Monday, 15 August 2011

The Gibson Continuum

It has long been a source of bafflement to me that William Gibson's 1984 cyberpunk trailblazer Neuromancer has not yet made it to celluloid (although word is that a version is FINALLY due to start filming next year). It means that we devotees of his work have to make do with the slim pickings that have managed to escape from Development Hell. The best known of these so far has been Johnny Mnemonic, the less said about which the better. Last night I finally got around to watching another; New Rose Hotel. Like Johnny Mnemonic, it is based on one of Gibson's early short stories for Omni magazine, subsequently repackaged in the fantastic Burning Chrome story collection. Given that the film is now 13 years old, and given my love of all things Gibson, it is a mystery to me how I have managed to avoid it until now. Still, at least I've finally got the chance to correct that oversight. Spoilers follow, if you care about such things.

Let's start with the positives: it has Christopher Walken and Willem Defoe as leads, rather than Keanu Reeves and Dolph Lundgren; so that already puts it streets ahead of Johnny Mnemonic. It's directed by Abel 'Bad Lieutenant' Ferrara, rather than someone you've never heard of (Robert Longo???). It sticks scrupulously to the short story plot rather than junking damn near everything and turning one of my favourite characters (Molly Millions) into a sad wannabe, like the writer of Johnny Mnemonic did - this was supposedly for legal reasons, but was another major reason why Mnemonic sucked so badly.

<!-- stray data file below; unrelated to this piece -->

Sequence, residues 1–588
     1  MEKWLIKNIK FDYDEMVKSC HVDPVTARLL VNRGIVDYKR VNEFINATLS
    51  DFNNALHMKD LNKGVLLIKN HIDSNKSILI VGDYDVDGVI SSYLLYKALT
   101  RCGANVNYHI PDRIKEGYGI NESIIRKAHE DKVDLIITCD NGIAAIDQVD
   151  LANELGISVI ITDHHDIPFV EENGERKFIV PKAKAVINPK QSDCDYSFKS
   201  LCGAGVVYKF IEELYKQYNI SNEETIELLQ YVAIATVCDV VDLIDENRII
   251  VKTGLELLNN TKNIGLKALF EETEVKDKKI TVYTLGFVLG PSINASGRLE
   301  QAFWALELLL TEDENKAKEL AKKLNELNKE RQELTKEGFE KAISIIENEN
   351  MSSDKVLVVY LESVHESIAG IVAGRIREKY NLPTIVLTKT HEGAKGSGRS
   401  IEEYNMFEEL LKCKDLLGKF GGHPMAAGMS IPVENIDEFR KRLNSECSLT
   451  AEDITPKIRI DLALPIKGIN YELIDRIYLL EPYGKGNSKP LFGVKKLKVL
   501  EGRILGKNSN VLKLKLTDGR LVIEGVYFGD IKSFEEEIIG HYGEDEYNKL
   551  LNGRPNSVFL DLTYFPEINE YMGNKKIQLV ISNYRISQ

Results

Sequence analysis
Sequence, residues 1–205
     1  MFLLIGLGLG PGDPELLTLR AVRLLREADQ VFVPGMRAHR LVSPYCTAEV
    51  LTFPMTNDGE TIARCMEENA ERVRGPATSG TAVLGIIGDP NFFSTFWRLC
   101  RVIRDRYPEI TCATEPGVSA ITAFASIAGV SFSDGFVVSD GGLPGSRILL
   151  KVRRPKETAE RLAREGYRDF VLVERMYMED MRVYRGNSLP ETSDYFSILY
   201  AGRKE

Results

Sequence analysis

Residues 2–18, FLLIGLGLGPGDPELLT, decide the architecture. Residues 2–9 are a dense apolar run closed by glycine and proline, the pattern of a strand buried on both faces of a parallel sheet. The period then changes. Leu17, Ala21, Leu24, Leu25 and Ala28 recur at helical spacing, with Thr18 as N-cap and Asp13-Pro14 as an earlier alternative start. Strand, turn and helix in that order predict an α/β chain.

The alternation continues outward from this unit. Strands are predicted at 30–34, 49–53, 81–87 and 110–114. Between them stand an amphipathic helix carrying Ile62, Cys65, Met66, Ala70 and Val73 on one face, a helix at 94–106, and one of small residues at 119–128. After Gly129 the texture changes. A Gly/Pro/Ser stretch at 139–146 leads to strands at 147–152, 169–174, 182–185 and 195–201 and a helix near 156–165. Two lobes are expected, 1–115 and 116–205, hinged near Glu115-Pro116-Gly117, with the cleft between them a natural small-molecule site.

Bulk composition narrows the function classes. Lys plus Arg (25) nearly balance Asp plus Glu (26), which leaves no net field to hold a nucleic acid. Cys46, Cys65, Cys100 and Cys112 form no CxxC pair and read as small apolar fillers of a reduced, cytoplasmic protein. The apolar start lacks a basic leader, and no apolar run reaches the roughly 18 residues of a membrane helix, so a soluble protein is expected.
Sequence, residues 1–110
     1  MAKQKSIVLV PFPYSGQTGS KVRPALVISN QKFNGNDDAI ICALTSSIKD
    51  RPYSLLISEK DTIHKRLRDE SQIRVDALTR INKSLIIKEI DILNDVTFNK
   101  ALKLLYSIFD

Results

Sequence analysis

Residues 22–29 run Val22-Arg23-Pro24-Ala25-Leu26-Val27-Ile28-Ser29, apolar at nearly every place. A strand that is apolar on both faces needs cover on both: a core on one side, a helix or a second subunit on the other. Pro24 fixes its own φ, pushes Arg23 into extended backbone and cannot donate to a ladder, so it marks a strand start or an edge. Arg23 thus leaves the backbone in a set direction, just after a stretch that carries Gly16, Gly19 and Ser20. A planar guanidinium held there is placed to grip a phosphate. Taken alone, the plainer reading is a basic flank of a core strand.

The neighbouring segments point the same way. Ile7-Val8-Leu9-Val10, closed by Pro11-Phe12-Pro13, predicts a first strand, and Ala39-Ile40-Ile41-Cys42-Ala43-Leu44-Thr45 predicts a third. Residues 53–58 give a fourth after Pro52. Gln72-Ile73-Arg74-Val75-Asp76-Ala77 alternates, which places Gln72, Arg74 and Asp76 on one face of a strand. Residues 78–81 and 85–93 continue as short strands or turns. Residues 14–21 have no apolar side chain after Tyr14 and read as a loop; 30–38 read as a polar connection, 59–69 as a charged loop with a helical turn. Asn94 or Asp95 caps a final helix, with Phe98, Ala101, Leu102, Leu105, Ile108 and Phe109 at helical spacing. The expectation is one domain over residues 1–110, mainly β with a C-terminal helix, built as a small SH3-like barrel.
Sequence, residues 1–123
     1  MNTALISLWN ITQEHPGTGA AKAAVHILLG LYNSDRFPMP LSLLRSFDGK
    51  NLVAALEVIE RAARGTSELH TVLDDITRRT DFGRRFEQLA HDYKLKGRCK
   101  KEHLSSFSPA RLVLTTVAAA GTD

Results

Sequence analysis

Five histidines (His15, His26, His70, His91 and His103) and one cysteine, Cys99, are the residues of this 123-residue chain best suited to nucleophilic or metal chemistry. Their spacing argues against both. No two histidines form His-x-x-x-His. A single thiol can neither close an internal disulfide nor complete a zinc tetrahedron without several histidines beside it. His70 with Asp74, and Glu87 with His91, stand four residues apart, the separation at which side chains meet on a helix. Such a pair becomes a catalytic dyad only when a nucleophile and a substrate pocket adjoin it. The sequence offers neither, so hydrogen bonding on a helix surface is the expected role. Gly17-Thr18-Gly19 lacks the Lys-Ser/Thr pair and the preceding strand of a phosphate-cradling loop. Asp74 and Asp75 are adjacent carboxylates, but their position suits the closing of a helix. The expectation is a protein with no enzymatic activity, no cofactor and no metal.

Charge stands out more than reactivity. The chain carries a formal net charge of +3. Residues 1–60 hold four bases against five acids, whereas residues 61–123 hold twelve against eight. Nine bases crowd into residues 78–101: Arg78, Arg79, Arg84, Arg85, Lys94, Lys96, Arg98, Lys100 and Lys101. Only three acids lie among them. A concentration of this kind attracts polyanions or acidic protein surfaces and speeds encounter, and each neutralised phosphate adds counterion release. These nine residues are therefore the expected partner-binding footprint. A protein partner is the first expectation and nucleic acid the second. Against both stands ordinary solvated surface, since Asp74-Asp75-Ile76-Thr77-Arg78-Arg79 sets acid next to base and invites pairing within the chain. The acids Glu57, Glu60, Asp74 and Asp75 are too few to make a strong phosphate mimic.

But. And I suppose there had to be a but, otherwise it would't have taken me 13 years to discover that this film even exists. It drags. It drags very badly. Fundamentally, the original short story is too slender a foundation to rest a 93-minute film on. The lack of plotting is made up for with lots of moody and mostly dialogue-free scenes in bars, clubs and hotels that fall somewhere between late 80s music video and early 90s softcore Adult Channel intros. And there's a gaping hole at the centre of the film in the form of Asia Argento as Sandii. Much respect to her father and all that, and she's very decorative, and while this was apparently her first movie in English that needn't matter as Sandii herself is supposed to be a rootless, stateless Eurasian of indeterminate origins, but unfortunately her acting isn't up to it. That's a pity, as one of the few concessions the movie makes towards trying to pad out the slim plot is to give Sandii a bit more back story, and makes creditable work of it. But at the end of the day, she can't convince me that she could manipulate a world-renowned scientist into throwing over his wife and career for her. And since that (and the fact that she does the same thing to Defoe's character - who as in the story isn't named) is the key plot point of the film, it makes it founder.

Ah well, I'll just have to wait for Neuromancer, I guess. It's being directed by the guy who did the claustrophobic under-rated classic Cube (and also Splice), so it might be interesting at least.

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